Some worried about their property values being deflated because of the attention the water contamination had drawn.

“Most of the property out here is fine,” said Jon Martin, a local landowner. “There’s nothing wrong with it. This is a shallow gas field. When you pass 200 feet, you’re liable to hit natural gas. This isn’t a fracking problem.”

Most residents seemed open to installing cisterns, peppering the officials with questions. How much would it cost? Was this the only option? And what of the additional water samples drawn by the United States Geological Survey, whose results will be released this fall, and the E.P.A.’s draft report and new data, which will be reviewed by an independent panel? For now, there were plenty of unknowns.

Louis Meeks, a landowner whose tap water reeks like diesel fuel, listened quietly. He said he had been trying to clean his water for years to no avail, and no longer lets his granddaughter wash her clothes or bathe in his home. Recently, Mr. Meeks printed business cards for anyone interested in his predicament. A glass of water is pictured prominently.

“Fresh, fizzy ... Fracked,” the cards read.

    In Land of Gas Drilling, Battle for Water That Doesn’t Reek or Fizz, NYT, 2.6.2012,






Ernest Callenbach, Author of ‘Ecotopia,’ Dies at 83


April 27, 2012
The New York Times


Ernest Callenbach, the author of the 1975 novel “Ecotopia,” the tale of an awakening paradise in the Pacific Northwest that evoked a devoted cult following as a harbinger of the environmental movement, died on April 16 at his home in Berkeley, Calif. He was 83.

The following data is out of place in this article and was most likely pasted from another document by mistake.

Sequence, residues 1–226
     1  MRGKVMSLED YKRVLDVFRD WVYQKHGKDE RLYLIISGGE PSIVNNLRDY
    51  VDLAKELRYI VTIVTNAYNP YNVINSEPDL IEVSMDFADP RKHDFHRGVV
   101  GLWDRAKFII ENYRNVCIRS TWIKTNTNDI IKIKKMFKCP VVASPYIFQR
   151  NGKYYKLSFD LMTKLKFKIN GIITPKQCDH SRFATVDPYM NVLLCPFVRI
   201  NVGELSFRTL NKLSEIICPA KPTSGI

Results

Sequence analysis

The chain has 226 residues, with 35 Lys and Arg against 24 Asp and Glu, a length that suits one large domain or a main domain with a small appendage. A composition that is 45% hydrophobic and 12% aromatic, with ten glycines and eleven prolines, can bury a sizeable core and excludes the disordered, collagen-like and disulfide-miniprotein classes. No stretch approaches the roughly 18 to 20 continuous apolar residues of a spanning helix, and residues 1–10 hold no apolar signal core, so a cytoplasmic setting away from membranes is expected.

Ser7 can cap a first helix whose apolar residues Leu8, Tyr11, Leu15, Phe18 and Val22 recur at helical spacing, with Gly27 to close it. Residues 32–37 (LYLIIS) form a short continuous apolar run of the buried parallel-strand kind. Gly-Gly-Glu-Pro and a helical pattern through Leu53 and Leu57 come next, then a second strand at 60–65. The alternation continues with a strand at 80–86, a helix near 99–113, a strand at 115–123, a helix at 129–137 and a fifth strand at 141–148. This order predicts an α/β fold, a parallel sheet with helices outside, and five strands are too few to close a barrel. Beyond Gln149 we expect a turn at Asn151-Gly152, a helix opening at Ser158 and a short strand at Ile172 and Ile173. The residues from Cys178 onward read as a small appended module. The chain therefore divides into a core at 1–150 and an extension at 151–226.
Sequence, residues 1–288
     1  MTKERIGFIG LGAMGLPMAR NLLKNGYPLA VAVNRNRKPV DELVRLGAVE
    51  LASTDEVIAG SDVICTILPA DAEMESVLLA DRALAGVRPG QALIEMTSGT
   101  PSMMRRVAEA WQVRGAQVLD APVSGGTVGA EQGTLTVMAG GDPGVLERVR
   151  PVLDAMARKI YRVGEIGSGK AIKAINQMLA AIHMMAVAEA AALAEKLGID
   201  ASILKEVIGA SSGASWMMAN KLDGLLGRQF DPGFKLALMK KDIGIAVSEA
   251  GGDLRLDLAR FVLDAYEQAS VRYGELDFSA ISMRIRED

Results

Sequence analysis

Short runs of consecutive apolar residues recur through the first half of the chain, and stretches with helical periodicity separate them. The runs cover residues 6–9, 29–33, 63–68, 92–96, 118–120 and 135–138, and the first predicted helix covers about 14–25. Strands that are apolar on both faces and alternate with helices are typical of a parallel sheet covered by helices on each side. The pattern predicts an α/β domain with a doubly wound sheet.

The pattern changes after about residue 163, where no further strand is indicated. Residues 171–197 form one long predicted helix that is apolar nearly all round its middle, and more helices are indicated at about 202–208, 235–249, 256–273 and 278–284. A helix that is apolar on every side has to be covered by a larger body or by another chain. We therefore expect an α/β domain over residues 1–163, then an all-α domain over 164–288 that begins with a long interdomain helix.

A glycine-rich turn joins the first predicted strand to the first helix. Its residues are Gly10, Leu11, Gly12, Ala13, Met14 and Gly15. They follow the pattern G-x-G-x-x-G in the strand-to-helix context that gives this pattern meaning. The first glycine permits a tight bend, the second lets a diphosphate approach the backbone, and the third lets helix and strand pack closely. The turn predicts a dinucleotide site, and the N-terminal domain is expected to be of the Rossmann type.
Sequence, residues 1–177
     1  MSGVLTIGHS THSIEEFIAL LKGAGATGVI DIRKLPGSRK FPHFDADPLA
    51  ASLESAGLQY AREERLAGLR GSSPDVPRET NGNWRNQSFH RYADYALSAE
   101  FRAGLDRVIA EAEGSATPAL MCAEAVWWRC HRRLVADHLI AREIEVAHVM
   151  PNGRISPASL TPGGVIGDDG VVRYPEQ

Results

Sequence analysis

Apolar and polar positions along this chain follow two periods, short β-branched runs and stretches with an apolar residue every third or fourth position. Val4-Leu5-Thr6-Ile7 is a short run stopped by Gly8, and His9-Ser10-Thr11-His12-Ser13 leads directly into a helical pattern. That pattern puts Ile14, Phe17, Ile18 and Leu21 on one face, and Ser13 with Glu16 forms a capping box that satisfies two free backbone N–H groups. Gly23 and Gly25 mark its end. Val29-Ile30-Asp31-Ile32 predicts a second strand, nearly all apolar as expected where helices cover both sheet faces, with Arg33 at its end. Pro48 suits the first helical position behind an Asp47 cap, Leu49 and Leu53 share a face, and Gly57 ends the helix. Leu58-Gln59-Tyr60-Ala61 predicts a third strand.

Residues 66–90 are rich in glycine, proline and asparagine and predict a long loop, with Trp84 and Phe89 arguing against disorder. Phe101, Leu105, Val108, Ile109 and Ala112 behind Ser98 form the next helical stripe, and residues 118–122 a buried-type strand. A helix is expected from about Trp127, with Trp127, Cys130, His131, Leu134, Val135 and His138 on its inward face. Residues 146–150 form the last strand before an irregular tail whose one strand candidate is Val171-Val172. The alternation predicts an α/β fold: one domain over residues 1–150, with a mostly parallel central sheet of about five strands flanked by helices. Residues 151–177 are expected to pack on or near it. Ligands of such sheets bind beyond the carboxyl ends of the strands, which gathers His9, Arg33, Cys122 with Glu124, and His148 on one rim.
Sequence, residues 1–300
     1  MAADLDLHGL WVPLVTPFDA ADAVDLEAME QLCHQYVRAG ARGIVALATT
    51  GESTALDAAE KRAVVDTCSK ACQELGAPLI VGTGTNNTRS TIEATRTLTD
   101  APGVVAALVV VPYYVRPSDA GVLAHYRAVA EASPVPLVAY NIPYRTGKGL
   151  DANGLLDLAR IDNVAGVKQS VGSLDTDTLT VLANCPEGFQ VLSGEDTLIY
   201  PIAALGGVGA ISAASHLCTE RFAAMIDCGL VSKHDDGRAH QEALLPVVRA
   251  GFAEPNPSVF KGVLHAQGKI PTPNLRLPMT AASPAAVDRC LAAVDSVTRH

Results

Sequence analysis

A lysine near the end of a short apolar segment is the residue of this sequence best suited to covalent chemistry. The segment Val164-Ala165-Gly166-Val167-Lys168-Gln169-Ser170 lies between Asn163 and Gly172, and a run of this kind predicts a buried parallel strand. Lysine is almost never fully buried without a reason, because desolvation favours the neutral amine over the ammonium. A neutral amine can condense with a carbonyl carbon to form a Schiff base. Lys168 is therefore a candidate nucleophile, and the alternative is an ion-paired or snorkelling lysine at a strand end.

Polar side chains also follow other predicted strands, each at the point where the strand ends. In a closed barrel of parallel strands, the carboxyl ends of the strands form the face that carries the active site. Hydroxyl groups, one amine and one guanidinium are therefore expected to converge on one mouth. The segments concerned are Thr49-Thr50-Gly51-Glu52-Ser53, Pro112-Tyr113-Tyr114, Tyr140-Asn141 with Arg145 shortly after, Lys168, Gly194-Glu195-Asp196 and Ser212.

The cause was cancer, his wife, Christine Leefeldt, said.

Written in the throes of the Vietnam War, “Ecotopia” tells of a secessionist nation — carved from what was once Oregon, Washington and Northern California — that by 1999 has evolved toward a “stable state” of bioregionalism, in which each territory cultivates its distinct ecological character.

Mr. Callenbach, the founding editor of Film Quarterly, originally published the novel himself, after 25 publishing houses had rejected the manuscript. It has now sold nearly one million copies and been translated into a dozen languages, most recently Chinese. Its readership has included hippies and New Agers, environmental activists and college and high school science students, as well as evangelical Christians increasingly concerned about the global environment. It was reprinted by Bantam Books in 1977, two years after Bantam rejected it, asserting, Mr. Callenbach recalled, that “the ecological fad is over.”

The novel is told through the accounts of a newspaper reporter who is sent to Ecotopia two decades after it seceded from an economically collapsing United States. Ecotopians realized just in time, the reporter writes, that “financial panic could be turned to advantage if the new nation could be organized to devote its real resources of energy, knowledge, skills and materials to the basic necessities of survival.”